Wayfair employees protest apparent sale of children's beds to border detention camp, stock drops
- Wayfair employees are trying to rally support for a walkout at the company's Boston headquarters Wednesday.
- The employees are protesting the apparent sale of beds to border detention camps for children.
- The stock is down more than 5% Tuesday.
More than 500 Wayfair employees signed on to a petition and are trying to rally support for a walkout Wednesday to protest the company's apparent sale of $200,000 of mattresses to a detention camp for migrant children along the Mexican border.
The company sold the mattresses on June 13 to a charity group that works as a federal contractor managing some of the camps along the southern border, according to a copy of the sales receipt obtained by CNBC and verified by an employee. The roughly 1,600 mattresses and 100 bunk beds are scheduled to arrive in Carrizo Springs, Texas, on Wednesday and Thursday, according to the receipt.
Organizers, who asked to remain anonymous for fear of retaliation by the company, have posted a copy of a letter they sent to management as well as the company's response to a Twitter account called Wayfairwalkout. They are trying to pressure the company into severing its relationship with Baptist Child and Family Services, the nonprofit that placed the order and is helping to furnish the detention center.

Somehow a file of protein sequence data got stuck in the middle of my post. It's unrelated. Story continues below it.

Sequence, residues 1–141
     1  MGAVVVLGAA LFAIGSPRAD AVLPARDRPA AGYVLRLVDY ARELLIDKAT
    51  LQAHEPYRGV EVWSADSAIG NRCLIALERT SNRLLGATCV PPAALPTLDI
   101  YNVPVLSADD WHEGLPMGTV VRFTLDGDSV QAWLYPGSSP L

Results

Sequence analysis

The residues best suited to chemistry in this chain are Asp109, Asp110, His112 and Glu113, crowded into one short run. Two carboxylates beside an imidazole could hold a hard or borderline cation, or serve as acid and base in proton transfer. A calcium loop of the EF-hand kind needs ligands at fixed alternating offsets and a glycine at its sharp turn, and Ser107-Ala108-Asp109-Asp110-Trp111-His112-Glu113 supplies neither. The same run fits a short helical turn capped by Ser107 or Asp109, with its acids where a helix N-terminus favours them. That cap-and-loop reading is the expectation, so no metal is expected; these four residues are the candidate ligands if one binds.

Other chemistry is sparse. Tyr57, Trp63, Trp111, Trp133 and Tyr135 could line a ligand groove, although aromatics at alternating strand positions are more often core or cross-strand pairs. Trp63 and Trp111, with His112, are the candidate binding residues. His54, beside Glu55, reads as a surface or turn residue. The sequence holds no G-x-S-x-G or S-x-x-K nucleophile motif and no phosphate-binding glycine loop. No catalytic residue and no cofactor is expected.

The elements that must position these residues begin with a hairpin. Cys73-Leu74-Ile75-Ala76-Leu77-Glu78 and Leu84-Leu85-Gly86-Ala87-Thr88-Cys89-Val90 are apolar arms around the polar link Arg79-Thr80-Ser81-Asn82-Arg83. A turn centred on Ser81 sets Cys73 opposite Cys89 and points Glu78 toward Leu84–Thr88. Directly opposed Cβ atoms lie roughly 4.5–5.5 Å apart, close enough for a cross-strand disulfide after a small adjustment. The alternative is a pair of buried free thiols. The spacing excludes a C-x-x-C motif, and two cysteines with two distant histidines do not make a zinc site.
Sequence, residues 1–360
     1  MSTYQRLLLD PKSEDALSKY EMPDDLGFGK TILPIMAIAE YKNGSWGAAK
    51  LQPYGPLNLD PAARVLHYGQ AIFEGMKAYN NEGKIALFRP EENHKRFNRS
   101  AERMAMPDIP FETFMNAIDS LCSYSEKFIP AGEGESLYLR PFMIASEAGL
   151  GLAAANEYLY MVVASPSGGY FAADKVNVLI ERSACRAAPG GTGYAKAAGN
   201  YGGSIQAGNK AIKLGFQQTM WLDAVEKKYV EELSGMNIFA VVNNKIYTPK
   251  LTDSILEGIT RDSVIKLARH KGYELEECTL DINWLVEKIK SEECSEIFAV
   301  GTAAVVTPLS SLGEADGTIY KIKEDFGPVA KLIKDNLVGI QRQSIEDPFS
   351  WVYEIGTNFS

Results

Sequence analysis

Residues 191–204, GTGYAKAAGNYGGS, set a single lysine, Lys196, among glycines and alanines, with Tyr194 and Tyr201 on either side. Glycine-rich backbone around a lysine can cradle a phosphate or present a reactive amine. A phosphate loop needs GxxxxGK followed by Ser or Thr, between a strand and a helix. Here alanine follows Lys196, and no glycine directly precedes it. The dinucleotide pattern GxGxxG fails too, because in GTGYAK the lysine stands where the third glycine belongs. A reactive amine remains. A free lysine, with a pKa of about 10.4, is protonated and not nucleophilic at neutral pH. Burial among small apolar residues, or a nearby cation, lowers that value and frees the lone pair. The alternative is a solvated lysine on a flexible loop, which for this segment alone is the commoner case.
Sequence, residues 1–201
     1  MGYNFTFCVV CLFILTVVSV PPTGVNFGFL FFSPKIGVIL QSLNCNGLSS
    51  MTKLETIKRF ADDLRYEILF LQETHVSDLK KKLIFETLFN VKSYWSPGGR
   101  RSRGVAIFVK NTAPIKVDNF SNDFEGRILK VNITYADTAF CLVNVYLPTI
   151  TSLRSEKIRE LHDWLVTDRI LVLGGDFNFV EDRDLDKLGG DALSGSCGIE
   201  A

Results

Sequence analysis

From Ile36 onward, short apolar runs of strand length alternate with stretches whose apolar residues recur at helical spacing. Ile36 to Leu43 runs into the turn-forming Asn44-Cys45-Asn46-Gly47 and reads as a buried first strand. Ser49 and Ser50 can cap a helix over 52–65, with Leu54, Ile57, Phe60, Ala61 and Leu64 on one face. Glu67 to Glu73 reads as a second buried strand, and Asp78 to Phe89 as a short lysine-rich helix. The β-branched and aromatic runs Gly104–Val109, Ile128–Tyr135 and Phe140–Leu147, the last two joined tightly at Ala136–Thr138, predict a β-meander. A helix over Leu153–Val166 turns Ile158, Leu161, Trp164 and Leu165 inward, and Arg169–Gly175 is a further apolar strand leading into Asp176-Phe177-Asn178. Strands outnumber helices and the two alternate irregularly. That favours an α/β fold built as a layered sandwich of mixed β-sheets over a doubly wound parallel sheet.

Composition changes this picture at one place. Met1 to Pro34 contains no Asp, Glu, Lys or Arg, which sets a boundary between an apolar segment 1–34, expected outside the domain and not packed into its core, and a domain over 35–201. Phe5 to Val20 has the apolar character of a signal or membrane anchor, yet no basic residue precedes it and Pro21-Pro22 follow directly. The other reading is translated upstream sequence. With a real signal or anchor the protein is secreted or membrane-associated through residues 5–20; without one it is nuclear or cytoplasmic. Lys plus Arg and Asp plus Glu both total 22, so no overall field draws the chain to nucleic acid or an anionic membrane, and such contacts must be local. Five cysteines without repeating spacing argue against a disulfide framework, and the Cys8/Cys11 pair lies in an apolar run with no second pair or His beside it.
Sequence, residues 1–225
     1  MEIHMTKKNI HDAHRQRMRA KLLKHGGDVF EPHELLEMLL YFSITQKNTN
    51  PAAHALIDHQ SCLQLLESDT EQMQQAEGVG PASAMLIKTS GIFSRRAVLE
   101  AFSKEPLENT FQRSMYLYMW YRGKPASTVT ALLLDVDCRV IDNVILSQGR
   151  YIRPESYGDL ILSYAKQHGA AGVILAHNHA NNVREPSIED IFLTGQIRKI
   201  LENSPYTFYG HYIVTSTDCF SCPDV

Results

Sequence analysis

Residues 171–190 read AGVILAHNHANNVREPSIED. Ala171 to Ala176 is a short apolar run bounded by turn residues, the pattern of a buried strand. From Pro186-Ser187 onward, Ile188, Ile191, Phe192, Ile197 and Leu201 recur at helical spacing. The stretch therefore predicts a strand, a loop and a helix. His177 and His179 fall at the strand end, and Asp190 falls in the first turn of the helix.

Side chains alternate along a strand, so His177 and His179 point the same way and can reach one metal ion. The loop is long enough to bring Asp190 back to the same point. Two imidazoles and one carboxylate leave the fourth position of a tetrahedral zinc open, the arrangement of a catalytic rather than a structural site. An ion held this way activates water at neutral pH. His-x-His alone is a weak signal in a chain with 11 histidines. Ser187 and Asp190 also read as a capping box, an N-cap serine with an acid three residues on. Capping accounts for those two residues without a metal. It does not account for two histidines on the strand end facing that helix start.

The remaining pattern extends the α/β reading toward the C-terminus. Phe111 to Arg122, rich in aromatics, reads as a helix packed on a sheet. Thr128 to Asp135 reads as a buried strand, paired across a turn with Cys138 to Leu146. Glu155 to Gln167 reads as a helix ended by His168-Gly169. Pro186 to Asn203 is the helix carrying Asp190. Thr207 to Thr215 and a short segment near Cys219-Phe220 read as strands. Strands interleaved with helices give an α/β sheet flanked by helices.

"The United States government and its contractors are responsible for the detention and mistreatment of thousands of migrants seeking asylum in our country," the employees wrote in an undated letter organizers said was signed by 547 employees. "We want to be sure that Wayfair has no part in enabling, supporting, or profiting from this practice."
They added that the detention of migrants at the southern border isn't "an ethical business partnership Wayfair should be a part of."
Wayfair didn't return repeated requests for comment. The company's shares tumbled more than 5% Tuesday. The charity group also didn't return requests for comment.
The company told employees in an undated response it was standard practice to sell to "any customer who is acting within the laws of the countries within which we operate," according to a copy of the letter posted to Twitter and verified by an employee who received it. The company said employees, investors and customers are best served by its commitment to fill all orders, which doesn't "indicate support for the opinions or actions of the groups or individuals who purchase from us."
The protest will take place in Boston's Copley Square, where the company is headquartered.
Employees have asked Wayfair to donate the profits, $86,000, to the Refugee and Immigrant Center for Education and Legal Services, or RAICES, a nonprofit organization that operates in Texas.
U.S. Rep. Alexandria Ocasio-Cortez, D-N.Y., jumped into the fray with her own tweet Tuesday.
"Wayfair workers couldn't stomach they were making beds to cage children. They asked the company to stop. CEO said no. Tomorrow, they're walking out," she wrote. "This is what solidarity looks like — a reminder that everyday people have real power, as long as we're brave enough to use it."
Correction: The name of the nonprofit running the Carrizo Springs, Texas, detention camp for kids is Baptist Child and Family Services, not Baptist Children's Family Services.